imc uk, I was worried about the inconsistency in labels - traditional
organisations would have a clear (and hierarchical) relationship between
countrywide and local branches. But practice over the years has shown
that indymedia's logic works differently. We cooperate fine as a
network, and our connections don't rely on using the same server or the
same database. A local imc in a town can easily stand next to a
country-wide imc. Imc Scotland even has two pages, while indymedia
lancaster has none at all! Imc wales is not listed on the uk site,
because it has technically no open publishing, but keeps in touch anyway.
Alternative mass media or participatory news platform?
However, the Belgium situation is different from the UK situation. .be's
approach is fundamentally different from the local Belgium collectives
and most of the network as well. Indymedia.be is proud to focus on
countrywide, bilingual news. They seem to have a clear line of reporting
rather than the anarchic newsgathering that is characteristic of so many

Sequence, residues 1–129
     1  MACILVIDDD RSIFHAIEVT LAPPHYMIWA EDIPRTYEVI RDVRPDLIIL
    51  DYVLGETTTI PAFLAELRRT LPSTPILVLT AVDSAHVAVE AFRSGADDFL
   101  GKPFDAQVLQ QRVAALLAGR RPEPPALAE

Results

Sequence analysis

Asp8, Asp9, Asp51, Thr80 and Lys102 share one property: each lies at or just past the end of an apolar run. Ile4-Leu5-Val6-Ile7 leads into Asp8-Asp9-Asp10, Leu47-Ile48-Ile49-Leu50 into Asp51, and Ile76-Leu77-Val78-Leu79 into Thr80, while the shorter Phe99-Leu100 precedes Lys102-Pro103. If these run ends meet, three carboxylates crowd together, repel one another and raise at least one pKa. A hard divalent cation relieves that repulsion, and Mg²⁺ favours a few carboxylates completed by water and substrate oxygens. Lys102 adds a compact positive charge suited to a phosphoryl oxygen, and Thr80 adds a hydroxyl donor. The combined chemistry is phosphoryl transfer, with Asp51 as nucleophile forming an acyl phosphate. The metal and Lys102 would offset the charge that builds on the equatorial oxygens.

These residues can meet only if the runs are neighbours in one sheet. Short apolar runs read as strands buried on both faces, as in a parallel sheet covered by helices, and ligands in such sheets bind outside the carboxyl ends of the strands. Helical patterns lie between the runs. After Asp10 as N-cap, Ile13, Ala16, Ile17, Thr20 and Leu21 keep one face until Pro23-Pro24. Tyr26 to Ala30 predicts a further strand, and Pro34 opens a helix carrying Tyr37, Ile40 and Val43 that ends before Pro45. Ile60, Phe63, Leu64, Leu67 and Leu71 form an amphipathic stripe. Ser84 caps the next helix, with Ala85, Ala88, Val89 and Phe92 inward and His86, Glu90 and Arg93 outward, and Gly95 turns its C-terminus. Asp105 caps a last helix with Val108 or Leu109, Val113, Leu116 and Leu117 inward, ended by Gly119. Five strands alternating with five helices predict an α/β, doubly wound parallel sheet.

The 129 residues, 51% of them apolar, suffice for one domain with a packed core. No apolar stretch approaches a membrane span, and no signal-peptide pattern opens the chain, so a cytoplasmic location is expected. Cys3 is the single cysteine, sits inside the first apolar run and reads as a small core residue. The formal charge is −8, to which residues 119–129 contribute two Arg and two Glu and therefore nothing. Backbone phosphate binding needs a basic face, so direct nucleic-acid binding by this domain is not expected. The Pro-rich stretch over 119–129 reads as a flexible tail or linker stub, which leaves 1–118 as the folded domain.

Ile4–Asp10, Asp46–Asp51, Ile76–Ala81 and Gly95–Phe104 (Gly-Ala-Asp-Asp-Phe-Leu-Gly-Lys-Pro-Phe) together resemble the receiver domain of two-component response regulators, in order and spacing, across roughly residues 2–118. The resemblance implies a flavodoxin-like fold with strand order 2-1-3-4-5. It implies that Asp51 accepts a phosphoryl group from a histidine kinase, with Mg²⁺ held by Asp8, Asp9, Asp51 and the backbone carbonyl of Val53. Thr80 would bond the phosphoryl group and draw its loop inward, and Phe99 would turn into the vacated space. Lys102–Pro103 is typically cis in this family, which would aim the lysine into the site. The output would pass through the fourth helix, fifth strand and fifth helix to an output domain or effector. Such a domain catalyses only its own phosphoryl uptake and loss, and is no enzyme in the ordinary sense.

other imcs. Maybe this results in more concise reporting, I cannot judge
that. The shortcoming is, I believe, that articles that don't fit this
line of reporting are hidden or deleted. Which means that the
participatory, empowering, DIY aspects of indymedia are shifting to the
Indymedia.be is aiming for an "alternative mass media". In that logic,
it makes sense to appropriate the articles of people who are not part of
the .be collective without crediting the authors: an aspiring mass media
needs to display as much "original" work as possible. Enhancing the
global imc network by publicising links to other imcs might not be a
However, in my view, the most encouraging aspect of indymedia is the
widespread appropriation of new media, based on an ongoing experiment
with horizontal, consensus-based organising, and in cooperation with the
still forming global social movements - in a way a much wider remit than
"making media". Many people have gained confidence in using new
technologies through indymedia, and in publishing text, audio and images
for the first time. Wether or not indymedia is or should be an
alternative mass media, I don't know. But it certainly is a very active
global network of volunteers.
Openness vs Efficiency
Indymedia relies on open publishing, which means that the newswires